Last week’s survey was on what kind of regular index maintenance you perform (see here for the survey) as a way of kicking off a new series I’m writing around index maintenance. Here are the results as of 3/21/09 – I find them very encouraging:

As you can see, about 2/5 of respondents are performing some form of analysis-based fragmentation removal (answers 5+6), which I consider the best way to perform index maintenance, if you’re willing to invest the time involved to set it up. It allows the least amount of work to be performed, for the most targeted performance gains – and so is especially appropriate for 24×7 systems where there’s a minimal or non-existent maintenance window.

The next best option is to do all rebuilds or all defrags based on a fragmentation threshold (answers 3+4), which about 1/5 of respondents do. This also allows work to be limited, but by choosing only a single method of removing fragmentation, there are pros and cons. Now, the survey was limited to a number of questions so I couldn’t explore what the threshold is that people are using (e.g. logical fragmentation, page density, extent fragmentation, or something else). Some measures are good to use and some not so good, and I’ll be exploring the various counters and ways of determining fragmentation as the series progresses.

Either of the options to operate on all indexes regardless of fragmentation (options 1+2) can lead to lots of wasted resources (disk space, transaction log space, I/Os, CPU) by operating on indexes that are not fragmented in the first place, or for which fragmentation removal has no benefit for workload performance. About 1/3 of respondents do this. This isn’t surprising to me as rebuild-all-the-indexes-every-night/week is a very common index maintenance plan for “involuntary DBAs” who know that index maintenance is important, but don’t have the knowledge or training to implement a more sophisticated maintenance plan. This growing size of this group of people is one of the main reasons I’m going to write this series.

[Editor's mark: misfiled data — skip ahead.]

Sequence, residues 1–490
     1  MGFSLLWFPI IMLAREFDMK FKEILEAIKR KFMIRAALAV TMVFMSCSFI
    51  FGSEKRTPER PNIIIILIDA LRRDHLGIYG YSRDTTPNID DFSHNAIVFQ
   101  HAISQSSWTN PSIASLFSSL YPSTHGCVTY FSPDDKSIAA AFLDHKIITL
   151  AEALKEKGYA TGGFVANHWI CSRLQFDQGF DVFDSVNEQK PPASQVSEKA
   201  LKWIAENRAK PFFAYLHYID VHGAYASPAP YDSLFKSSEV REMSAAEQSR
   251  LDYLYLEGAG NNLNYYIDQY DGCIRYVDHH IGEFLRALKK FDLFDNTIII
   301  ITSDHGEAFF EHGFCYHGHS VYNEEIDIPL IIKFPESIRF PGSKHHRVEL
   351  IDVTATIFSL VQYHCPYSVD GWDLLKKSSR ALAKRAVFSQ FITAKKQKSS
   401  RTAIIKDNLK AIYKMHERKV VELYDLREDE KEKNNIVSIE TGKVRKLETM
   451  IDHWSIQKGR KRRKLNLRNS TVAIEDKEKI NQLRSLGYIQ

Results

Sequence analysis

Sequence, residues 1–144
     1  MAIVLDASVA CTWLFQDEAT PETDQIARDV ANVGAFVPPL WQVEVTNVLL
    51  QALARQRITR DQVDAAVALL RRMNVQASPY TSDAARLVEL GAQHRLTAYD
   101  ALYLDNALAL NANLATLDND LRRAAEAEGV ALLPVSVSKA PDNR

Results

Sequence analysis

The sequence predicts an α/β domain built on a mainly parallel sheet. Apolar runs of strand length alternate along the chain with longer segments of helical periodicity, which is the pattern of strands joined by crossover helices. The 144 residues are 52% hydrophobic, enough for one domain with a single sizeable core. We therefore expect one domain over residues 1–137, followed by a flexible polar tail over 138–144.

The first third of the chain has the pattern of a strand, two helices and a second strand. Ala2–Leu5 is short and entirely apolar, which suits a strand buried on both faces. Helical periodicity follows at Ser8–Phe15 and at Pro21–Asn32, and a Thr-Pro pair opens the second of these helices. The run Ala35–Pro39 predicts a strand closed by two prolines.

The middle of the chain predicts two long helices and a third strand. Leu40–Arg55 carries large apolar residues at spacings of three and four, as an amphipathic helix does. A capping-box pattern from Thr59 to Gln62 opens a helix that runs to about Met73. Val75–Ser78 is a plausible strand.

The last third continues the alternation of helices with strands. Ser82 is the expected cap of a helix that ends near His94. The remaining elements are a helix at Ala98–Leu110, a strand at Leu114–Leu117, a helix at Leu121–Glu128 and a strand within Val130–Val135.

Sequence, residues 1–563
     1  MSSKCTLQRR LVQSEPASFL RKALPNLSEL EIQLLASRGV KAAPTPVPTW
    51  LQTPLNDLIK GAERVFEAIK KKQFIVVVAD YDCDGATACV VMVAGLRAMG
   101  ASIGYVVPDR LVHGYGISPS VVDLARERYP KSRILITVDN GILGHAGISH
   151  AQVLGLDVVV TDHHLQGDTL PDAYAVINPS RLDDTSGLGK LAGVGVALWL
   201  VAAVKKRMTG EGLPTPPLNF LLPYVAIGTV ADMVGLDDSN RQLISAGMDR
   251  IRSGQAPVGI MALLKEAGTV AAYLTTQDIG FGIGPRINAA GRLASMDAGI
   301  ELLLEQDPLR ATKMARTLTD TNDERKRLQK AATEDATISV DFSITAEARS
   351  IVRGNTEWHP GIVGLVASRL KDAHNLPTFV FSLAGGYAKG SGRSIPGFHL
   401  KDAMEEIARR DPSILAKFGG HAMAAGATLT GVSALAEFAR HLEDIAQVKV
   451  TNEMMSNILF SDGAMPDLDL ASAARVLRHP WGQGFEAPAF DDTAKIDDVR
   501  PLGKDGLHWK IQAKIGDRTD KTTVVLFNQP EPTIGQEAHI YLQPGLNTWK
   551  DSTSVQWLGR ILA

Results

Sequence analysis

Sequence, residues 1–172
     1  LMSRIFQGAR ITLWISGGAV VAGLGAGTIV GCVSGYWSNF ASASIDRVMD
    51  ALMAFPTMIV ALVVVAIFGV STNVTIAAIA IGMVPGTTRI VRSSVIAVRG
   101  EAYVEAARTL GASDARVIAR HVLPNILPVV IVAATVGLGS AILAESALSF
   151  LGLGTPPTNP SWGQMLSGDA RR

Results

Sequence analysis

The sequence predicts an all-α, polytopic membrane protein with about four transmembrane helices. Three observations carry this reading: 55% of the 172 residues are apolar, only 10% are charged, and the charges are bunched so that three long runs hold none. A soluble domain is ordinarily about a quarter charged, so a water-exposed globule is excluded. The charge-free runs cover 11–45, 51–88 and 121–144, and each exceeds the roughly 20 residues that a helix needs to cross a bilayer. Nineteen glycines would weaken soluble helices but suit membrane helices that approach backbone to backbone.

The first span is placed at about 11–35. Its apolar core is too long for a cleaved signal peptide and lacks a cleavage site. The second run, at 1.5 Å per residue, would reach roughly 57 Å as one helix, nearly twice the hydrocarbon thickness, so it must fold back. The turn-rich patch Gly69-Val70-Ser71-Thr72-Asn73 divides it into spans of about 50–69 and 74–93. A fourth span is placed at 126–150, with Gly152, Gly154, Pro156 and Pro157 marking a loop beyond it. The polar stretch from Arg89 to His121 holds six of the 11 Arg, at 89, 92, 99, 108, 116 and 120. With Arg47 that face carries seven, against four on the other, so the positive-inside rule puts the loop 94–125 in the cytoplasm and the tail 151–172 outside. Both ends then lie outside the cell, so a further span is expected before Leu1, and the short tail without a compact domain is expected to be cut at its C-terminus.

Doing absolutely nothing for index maintenance, which about 1/10 do, is usually not a good idea, as indexes in a database that’s not read-only commonly become fragmented over time. However, these people may know they don’t suffer from fragmentation issues, or that removing fragmentation has no effect on workload performance. However, my suspicion (based on what I see in the field) is that some of these respondents don’t realize the benefits of performing index maintenance.

You may be surprised to hear that I don’t consider doing nothing to be the worst choice. That dubious honor goes to answer 7 – doing any kind of index maintenance followed by a database shrink operation – as 3 respondents do. A post-maintenance shrink operation may well undo some of the benefits of the maintenance by introducing massive amounts of index fragmentation – see my blog post Auto-shrink – turn it OFF! for details of how bad this can get.

I’m actually pretty encouraged by these results though. Compared to how things were around 1999 when I wrote DBCC INDEXDEFRAG and DBCC SHOWCONTIG for SQL Server 2000, these results show that knowledge in the field (or at least in the group that reads my blog and responded) has vastly improved. My aim for the forthcoming series about index fragmentation and maintenance is to increase knowledge a lot more broadly.

Next up – this week's survey. Thanks for reading!